Youth as active participants of their development

While giving her remarks on the study, Mrs. Susan Njau, the Director of Youth Affairs Directorate at the Ministry of Public Affairs, Youth and Gender Affairs, urged young people to take a more active role in the demographic dividend agenda as opposed to having it largely driven by development partners in the region. In doing so, she believes this will create opportunities for collaboration with the youth as allies in agenda setting, making them agents of their own development.

Mrs. Njau, however, noted that conversations on the demographic dividend should consider the various religious and cultural aspects of the Kenyan population. This applies more so in demystifying the demographic dividend in rural and far-flung areas and marginalised communities, as they tend to favour their indigenous norms over and above conventional wisdom and practice. A good example is comprehensive sexuality education (CSE), whose introduction and mainstreaming in the Kenya basic education curriculum has been a thorny issue and has been fiercely opposed by various stakeholders, more so religious leaders. Mrs. Njau urged those involved in the development and rolling out of the CSE curriculum to rethink their approach, incorporating how communities discussed sexuality in the traditional African context. This could diminish some of the resistance associated with discussing sexuality in the Kenyan society today and enable the successful implementation of the CSE curriculum.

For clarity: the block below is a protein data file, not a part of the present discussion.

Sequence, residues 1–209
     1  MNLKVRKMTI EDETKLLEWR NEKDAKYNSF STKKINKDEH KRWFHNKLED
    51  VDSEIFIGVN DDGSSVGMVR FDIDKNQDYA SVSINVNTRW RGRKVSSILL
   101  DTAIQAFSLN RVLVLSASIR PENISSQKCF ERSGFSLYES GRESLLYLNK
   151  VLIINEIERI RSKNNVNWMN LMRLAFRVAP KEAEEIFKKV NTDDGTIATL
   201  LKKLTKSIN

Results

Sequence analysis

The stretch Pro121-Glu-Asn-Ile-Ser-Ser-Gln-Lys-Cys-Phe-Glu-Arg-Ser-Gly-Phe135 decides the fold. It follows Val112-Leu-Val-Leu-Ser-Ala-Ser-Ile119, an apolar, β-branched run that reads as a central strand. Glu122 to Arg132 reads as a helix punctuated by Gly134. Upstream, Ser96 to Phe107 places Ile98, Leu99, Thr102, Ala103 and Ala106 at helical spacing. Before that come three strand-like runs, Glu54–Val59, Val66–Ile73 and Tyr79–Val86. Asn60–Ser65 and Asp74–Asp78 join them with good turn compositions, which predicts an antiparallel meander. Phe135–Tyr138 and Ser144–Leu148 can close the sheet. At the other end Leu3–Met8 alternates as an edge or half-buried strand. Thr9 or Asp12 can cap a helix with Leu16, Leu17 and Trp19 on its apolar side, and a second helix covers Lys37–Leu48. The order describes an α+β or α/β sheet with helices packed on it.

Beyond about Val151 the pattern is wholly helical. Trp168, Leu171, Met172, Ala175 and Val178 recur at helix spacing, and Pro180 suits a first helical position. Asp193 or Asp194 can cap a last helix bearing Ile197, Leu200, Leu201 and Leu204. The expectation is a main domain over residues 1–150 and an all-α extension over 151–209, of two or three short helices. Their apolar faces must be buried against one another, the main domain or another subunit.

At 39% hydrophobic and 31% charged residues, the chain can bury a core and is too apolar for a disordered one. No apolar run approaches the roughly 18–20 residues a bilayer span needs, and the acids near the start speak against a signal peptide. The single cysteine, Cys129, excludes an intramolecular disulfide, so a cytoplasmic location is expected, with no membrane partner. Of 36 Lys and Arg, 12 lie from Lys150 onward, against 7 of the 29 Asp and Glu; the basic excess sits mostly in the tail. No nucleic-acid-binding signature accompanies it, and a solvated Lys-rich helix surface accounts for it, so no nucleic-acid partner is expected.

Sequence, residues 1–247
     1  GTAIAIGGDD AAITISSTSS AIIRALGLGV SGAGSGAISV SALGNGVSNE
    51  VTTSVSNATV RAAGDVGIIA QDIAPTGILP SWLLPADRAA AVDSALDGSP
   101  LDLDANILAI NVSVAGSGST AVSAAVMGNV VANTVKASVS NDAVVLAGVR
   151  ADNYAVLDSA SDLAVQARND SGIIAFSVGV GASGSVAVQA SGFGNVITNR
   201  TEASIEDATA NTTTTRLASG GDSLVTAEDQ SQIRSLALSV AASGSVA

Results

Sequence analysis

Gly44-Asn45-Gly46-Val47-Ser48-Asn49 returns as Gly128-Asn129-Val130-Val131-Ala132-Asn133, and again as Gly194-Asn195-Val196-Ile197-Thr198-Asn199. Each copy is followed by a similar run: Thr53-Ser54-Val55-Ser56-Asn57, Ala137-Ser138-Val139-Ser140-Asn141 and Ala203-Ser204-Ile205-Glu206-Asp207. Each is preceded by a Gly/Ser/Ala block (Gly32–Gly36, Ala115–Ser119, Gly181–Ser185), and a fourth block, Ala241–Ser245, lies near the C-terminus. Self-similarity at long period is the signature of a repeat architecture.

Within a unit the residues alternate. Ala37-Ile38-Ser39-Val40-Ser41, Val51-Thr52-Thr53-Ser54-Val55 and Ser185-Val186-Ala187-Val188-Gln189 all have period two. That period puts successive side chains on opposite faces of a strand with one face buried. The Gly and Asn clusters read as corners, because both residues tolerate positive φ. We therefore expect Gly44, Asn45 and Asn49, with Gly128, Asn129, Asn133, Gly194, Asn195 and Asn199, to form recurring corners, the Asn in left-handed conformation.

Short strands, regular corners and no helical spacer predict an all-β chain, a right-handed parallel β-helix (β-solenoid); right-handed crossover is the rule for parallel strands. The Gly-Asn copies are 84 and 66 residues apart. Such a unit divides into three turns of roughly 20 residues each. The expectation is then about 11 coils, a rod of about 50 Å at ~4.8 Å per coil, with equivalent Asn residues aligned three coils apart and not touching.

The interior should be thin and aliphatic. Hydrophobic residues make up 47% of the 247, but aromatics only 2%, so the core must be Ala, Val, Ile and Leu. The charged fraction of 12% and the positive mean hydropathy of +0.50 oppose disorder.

Call to action

Christine Kolbe, Head of the East Africa Research Hub at DFID, termed the findings of the study a call to action to national governments and development partners in the EAC region. She called on the concerned actors to put in place measures to provide adequate sexual and reproductive health information and services; strengthen governance and accountability in order to improve service delivery; improve access to education; initiate economic reforms to make the region favourable for trade and development. Above all, she hoped that what the study revealed regarding youth demographics in relation to the region’s current and future socio-economic outlook would make it possible for all the stakeholders involved to reflect and seek a new approach to development in East Africa.

In closing, the forum spurred the interest for even further engagement among development actors to make Kenya’s dividend a reality. Dr. Kibaru-Mbae called for more strategic engagement with policymakers to get the key youth investment priorities incorporated in government documents, urging actors to persist until the actions needed have been incorporated in policy documents or legislation, and implemented. Furthermore, Mrs. Njau expressed her desire to have the findings presented to her officers at the Youth Directorate to have them acquaint themselves, to use the evidence in policy and programme formulation and implementation.